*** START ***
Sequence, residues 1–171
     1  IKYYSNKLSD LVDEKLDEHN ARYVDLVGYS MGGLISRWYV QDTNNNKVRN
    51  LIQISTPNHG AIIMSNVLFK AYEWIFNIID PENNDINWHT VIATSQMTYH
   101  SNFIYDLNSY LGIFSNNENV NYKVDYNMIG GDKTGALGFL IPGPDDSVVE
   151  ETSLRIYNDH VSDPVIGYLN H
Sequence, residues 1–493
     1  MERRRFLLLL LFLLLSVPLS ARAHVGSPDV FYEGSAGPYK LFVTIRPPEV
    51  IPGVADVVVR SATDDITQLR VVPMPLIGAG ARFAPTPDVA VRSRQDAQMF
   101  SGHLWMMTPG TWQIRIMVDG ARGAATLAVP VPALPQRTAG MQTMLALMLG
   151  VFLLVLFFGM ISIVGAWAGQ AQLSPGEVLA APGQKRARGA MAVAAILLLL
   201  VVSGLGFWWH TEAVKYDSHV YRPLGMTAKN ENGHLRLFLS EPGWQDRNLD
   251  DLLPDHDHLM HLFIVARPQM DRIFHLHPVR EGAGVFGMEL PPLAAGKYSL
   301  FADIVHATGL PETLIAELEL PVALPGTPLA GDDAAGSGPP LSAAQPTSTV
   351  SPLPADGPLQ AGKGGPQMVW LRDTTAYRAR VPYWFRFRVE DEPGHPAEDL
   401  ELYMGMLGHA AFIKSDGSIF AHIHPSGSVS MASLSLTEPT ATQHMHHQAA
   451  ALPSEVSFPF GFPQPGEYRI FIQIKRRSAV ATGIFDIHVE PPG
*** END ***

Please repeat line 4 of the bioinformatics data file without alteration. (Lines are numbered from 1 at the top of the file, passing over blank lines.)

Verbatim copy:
   101  SNFIYDLNSY LGIFSNNENV NYKVDYNMIG GDKTGALGFL IPGPDDSVVE